Why 2014 is poised to be a breakout year for 3D printing

"There are a lot of interesting possibilities with this technology and a lot of things you could use it for that have benefit in our daily lives."

Technology still in its infancy

Despite the advances in 3D printing and explosion of new machines, the technology is only starting to hit its stride.

Makers, start-ups, and major manufacturers have barely scratched the surface of where 3D printing can go. Case in point: It was only a few weeks ago that 3D Systems announced the first full-tone 3D printer, letting users create rainbow-colored objects.

While 3D System's 600-pound ProJet 4500 is simply too masive for the average consumer, it's machinery that will likely be employed by 3D printing services such as ShapeWays and iMaterialise. In a few years this color printing technology could be optimized and commercialized in the same way fused deposition modeling (or FDM, the current and popular method of 3D printing with hot extruded plastic) is being adapted for home use.

3D Printing, CES 2014, Emerging Objects, 3D printers

3D printing using wood, stone and salt

Beyond the tools, new materials are also being researched. Oakland, Calif.-based Emerging Objects is experimenting with stronger, alternative materials for architectural builds using salt and a fibrous concrete that can withstand 4,500 pounds of pressure.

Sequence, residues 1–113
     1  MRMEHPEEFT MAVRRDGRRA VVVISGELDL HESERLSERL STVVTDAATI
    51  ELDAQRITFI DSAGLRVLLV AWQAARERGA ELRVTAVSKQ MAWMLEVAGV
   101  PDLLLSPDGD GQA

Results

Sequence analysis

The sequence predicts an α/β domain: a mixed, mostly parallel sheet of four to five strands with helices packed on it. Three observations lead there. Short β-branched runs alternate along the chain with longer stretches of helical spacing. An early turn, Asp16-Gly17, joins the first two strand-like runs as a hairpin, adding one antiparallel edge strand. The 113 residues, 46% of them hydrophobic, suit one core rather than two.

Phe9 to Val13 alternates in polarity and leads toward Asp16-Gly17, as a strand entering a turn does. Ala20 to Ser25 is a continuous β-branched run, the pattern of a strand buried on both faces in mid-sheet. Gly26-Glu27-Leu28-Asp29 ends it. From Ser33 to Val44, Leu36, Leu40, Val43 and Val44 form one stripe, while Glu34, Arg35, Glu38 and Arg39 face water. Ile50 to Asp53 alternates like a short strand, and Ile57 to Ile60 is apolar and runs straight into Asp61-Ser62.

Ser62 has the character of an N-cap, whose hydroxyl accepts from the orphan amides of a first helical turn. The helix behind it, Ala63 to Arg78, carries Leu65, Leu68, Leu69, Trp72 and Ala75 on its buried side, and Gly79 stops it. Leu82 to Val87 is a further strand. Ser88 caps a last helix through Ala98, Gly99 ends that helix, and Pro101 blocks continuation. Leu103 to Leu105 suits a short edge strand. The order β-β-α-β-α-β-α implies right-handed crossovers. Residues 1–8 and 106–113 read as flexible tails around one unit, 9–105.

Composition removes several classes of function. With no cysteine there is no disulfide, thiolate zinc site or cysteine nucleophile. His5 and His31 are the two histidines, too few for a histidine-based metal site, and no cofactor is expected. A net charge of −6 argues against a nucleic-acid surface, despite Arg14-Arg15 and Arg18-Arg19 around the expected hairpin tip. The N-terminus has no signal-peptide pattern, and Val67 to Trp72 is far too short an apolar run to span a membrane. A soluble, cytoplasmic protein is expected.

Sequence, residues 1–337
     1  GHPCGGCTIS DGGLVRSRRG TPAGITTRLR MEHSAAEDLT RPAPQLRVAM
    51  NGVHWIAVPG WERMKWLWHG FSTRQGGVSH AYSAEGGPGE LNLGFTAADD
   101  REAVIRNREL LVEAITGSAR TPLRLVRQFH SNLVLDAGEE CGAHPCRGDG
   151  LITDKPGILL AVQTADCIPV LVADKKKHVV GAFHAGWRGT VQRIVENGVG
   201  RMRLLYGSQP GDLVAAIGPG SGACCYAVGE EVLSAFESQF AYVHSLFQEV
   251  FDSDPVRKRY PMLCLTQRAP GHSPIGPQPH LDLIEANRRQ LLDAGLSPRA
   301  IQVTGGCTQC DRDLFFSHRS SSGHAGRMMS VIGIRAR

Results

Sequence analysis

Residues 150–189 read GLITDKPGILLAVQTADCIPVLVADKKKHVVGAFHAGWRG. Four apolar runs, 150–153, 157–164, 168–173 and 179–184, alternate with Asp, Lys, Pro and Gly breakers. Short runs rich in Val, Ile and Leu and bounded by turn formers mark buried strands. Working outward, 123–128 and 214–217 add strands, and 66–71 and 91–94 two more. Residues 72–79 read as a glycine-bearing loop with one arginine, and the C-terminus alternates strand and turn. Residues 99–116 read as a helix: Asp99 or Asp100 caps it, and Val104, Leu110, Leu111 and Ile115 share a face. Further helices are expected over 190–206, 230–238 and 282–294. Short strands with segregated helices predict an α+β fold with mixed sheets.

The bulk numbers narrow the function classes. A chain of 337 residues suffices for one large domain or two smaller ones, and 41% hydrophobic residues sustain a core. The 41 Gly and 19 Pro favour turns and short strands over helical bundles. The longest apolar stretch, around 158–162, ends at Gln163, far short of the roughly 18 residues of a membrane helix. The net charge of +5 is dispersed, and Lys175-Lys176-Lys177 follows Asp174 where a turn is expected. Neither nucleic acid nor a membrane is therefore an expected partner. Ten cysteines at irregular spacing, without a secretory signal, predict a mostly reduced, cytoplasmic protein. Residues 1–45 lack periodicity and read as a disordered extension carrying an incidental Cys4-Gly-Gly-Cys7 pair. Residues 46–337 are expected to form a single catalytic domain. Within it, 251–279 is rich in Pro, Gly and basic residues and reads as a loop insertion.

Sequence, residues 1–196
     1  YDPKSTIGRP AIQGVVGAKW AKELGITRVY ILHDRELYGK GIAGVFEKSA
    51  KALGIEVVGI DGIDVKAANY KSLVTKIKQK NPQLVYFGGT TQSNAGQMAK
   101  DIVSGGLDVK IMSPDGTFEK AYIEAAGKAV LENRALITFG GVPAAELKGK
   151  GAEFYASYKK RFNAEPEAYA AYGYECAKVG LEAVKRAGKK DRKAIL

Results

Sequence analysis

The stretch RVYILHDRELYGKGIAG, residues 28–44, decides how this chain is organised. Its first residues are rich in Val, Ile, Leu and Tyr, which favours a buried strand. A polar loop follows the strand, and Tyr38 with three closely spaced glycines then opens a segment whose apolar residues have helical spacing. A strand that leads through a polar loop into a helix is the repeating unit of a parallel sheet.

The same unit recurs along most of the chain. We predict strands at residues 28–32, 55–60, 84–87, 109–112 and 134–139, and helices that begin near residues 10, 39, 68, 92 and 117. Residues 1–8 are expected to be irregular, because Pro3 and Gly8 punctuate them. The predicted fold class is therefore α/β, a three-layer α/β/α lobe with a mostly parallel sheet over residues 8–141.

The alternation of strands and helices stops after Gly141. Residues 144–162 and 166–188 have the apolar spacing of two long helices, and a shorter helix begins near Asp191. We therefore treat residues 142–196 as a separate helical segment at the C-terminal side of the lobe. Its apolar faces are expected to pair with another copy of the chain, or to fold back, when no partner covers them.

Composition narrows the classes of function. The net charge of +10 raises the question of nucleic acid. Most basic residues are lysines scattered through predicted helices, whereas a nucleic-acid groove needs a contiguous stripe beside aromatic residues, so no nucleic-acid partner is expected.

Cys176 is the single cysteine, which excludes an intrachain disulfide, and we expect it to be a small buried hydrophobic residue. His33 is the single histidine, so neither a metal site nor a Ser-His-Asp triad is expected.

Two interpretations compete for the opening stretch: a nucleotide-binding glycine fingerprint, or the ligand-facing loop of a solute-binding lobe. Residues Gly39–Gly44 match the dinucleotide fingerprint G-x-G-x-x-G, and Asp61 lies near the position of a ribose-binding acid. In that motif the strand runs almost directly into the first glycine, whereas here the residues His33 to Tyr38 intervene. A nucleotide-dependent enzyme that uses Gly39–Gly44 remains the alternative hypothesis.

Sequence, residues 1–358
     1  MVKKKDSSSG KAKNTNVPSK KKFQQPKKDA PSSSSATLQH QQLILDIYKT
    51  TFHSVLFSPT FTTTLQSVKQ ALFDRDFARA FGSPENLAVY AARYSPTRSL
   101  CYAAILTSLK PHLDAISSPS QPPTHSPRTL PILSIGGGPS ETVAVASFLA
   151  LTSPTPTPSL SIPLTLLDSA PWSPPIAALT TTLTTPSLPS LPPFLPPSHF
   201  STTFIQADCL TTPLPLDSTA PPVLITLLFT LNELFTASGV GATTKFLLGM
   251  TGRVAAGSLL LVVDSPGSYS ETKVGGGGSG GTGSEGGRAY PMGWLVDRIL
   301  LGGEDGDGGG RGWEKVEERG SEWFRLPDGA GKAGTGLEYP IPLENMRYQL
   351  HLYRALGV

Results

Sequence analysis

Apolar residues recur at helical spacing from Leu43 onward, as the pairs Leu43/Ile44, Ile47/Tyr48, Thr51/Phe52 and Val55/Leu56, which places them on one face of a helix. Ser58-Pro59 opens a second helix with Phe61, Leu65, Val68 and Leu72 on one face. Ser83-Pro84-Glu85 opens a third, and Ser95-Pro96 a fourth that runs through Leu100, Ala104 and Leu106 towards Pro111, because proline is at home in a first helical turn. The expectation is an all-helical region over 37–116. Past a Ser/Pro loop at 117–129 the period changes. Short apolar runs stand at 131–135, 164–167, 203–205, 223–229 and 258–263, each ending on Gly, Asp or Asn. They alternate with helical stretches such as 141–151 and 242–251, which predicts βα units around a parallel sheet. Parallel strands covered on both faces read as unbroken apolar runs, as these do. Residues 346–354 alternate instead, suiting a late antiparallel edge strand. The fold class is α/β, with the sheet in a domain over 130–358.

And looking abroad, Europe is becoming the world's leader in producing new materials. One German 3D printing materials inventor alone has created two revolutionary materials; Laywoo-D3, a composite wood and plastic filament, and Laybrick, a strong enough for architectural builds.

Scanning through the 3D hype machine

Hyperbole is contagious on the web, so it's important to look at the promise of 3D printing with some skepticism. For one thing, it's far from perfect, and botched prints are a dime a dozen. That's not to mention the price or size restrictions we've already run through.

Still, it's impossible to ignore the enthusiasm of current buyers and future 3D printing developments. Commercial FDM or extruded plastic printers have come a long way from one MakerBot Cupcake CNC machine and a handful of homemades.

Today there are many more affordable printers in the market. At the same time, the industry continues to expand and simplify a database of 3D models for users to fabricate.

Beyond FDM, the world may start moving to other types of technology such as stereolithography, which can create higher-resolution (or thinner layer) objects with light-sensitive liquid resin, or truly self-built circuit boards through laser sintering that melts fine metal powders into solid shapes.

The stage is set for 3D printers to start sitting side-by-side with their inkjet brethren at office supply stores and occupying a coveted spot in our home offices. With the New Year, look for the new-ish tech to take hold.

Kevin Lee

Kevin Lee was a former computing reporter at TechRadar. Kevin is now the SEO Updates Editor at IGN based in New York. He handles all of the best of tech buying guides while also dipping his hand in the entertainment and games evergreen content. Kevin has over eight years of experience in the tech and games publications with previous bylines at Polygon, PC World, and more. Outside of work, Kevin is major movie buff of cult and bad films. He also regularly plays flight & space sim and racing games. IRL he's a fan of archery, axe throwing, and board games.